Teva Pharmaceutical Industries Ltd TEVA-N will pay up to $523-million to New York State as part of a nationwide settlement of lawsuits alleging the company helped fuel the U.S. opioid epidemic.
The settlement with New York adds an additional $300-million to Teva’s total opioid payouts. Teva is working to finalize a nationwide settlement valued at more than $4.2-billion, and New York was already slated to receive cash and medication as part of that deal.
“You cannot put a price on lives lost, addiction suffered, and families torn apart, but with the more than $2-billion we have now delivered to New Yorkers, we can continue to rebuild and recover,” New York Attorney General Letitia James said on Thursday, referring also to opioid settlements with other companies.
James said the Teva settlement concludes the state’s litigation against opioid manufacturers and distributors.
CVS Health Corp CVS-N, Walgreens Boots Alliance WBA-Q and Walmart WMT-N this week agreed to pay $13.8-billion to resolve thousands of U.S. state and local lawsuits related to opioid pain drugs dispensed by their pharmacies.
Teva Chief Executive Kare Schultz said the company will make the payment to New York over 18 years, “which is good for us because it means that it’s very manageable in relation to our cash flow and our debt situation.” Teva’s net debt has fallen but remains high at $19-billion.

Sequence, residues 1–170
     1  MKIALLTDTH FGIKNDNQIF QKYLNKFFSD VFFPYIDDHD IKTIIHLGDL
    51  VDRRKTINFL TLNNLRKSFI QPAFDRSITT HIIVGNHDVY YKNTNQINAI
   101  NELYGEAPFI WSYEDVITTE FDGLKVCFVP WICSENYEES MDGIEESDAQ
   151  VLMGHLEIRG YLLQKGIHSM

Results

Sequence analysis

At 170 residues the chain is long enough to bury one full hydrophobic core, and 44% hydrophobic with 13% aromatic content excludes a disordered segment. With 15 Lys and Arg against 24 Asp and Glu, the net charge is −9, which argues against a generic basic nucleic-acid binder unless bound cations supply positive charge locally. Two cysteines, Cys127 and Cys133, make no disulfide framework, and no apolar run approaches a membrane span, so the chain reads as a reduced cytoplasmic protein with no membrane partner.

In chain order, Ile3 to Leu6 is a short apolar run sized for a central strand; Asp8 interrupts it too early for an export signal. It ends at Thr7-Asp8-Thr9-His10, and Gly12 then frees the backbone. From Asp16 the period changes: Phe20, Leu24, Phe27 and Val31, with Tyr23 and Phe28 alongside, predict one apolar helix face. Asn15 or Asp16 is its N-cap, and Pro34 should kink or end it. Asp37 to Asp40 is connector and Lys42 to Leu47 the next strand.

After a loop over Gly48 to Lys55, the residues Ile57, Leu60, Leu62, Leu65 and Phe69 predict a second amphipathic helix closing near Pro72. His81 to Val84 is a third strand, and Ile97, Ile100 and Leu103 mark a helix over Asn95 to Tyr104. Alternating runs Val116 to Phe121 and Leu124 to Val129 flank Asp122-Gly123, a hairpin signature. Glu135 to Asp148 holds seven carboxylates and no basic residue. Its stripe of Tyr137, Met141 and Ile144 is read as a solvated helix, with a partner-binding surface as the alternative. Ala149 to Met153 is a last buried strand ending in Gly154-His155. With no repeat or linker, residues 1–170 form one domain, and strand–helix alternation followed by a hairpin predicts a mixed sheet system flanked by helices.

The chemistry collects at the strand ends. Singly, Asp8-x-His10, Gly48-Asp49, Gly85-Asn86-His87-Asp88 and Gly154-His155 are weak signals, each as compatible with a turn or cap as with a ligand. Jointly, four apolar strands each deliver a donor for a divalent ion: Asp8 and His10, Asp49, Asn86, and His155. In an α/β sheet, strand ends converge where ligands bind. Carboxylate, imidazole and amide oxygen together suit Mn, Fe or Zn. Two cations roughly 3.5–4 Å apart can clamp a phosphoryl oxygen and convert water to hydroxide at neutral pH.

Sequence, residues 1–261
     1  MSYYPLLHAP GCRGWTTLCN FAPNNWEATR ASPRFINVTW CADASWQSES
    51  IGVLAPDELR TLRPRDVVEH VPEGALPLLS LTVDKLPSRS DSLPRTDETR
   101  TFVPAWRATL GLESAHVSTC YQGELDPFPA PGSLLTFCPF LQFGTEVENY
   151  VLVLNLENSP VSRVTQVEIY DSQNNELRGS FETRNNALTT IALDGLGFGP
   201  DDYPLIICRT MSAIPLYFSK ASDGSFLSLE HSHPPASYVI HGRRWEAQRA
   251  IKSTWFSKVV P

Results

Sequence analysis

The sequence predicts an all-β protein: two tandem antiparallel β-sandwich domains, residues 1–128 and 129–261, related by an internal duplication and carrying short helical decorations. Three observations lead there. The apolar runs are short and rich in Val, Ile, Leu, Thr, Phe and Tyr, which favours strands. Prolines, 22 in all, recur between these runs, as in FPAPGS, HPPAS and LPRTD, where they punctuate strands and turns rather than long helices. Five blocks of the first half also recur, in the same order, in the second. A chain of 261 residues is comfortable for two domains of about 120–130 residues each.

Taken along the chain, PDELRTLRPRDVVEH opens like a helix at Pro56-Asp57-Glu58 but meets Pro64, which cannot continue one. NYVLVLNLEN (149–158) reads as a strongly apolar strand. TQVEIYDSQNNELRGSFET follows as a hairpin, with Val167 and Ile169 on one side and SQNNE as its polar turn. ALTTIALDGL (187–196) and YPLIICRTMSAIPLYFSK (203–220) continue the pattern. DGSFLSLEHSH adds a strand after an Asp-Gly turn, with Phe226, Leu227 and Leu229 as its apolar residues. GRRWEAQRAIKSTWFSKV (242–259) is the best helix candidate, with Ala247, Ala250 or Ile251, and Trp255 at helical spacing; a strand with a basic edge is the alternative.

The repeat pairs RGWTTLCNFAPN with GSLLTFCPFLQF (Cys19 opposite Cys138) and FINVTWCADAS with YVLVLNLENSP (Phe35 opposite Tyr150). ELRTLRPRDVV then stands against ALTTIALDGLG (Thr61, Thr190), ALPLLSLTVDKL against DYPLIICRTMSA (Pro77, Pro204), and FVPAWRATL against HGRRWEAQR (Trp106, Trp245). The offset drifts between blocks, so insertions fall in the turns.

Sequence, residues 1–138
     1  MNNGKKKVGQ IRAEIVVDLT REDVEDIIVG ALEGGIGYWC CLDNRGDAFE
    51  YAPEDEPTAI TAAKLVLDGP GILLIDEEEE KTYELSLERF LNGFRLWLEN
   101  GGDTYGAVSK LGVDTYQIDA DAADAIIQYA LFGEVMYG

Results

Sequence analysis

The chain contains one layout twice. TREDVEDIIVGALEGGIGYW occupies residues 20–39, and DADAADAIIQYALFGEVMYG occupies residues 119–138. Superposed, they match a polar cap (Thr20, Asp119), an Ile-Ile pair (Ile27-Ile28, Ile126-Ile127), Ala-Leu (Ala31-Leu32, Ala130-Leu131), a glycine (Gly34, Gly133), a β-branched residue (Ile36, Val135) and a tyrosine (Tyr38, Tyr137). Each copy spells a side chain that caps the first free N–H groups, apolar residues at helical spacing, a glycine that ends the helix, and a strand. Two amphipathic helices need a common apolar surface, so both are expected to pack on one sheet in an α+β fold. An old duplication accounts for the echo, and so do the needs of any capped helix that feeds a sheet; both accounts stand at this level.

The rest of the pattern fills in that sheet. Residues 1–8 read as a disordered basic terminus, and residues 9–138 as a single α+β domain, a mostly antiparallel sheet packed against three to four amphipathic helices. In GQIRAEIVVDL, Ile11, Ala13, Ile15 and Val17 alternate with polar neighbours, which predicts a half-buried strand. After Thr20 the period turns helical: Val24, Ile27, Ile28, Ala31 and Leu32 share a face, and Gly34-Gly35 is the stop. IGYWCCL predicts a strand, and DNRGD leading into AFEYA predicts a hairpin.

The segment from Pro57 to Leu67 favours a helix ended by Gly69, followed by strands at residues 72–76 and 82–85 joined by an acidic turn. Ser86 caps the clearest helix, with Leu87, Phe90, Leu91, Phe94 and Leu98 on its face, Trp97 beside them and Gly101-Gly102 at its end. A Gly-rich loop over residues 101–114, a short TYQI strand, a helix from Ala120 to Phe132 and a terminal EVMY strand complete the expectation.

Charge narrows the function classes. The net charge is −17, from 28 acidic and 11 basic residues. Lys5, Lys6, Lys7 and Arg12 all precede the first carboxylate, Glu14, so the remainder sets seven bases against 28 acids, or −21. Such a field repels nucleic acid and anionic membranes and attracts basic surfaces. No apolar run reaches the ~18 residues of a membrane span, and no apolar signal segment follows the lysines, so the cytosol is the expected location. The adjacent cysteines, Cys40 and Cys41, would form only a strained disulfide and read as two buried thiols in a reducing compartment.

“We are quite satisfied with that outcome,” Schultz told analysts on a call after Israel-based Teva reported third-quarter results that missed expectations and initially sent its Tel Aviv-listed shares down more than 6 per cent. Teva’s New York-listed shares were down 1.5 per cent at $8.63.
After years of negotiations, Teva in July proposed a $4.25-billion nationwide settlement – mostly cash and partly medicines that will amount to $300-million to $400-million over 13 years – to resolve opioid lawsuits. Only the New York deal pays out over 18 years.
Teva expects to start paying in 2023, but Schultz told Reuters the opting-in process of states and local authorities has begun and would take a few months to complete.
“We are quite optimistic that we will get a very, very high number of states and subdivisions joining and we will put the majority of opioid litigation behind us,” he said.
Citing a stronger U.S. dollar that hit revenue, the world’s largest maker of generic drugs lowered its full-year revenue outlook while also reporting lower-than-expected third-quarter profit.
Teva posted adjusted earnings of 59 cents per share for the quarter, unchanged from a year earlier but 3 cents a share below analyst expectations, according to Refinitiv data. Revenue fell 8 per cent to $3.6-billion, below Wall Street estimates of $3.83-billion.
Citing “continued foreign exchange headwinds”, Teva lowered its 2022 revenue estimate to between $14.8-billion and $15.4-billion from a previously forecast $15-billion to $15.6-billion. Last year’s revenue was $15.9-billion.
The forecast for 2022 adjusted earnings per share was left unchanged at $2.40 to $2.60.
Teva expects its two branded drugs, Ajovy to treat migraines and Huntington’s disease drug Austedo, to reach a combined $1.4-billion in revenue this year.
Piper Sandler analyst David Amsellem said he has “significant concerns regarding the trajectory” of revenue and profit, and remains “bearish” on Teva with an “underweight” rating and $8 target.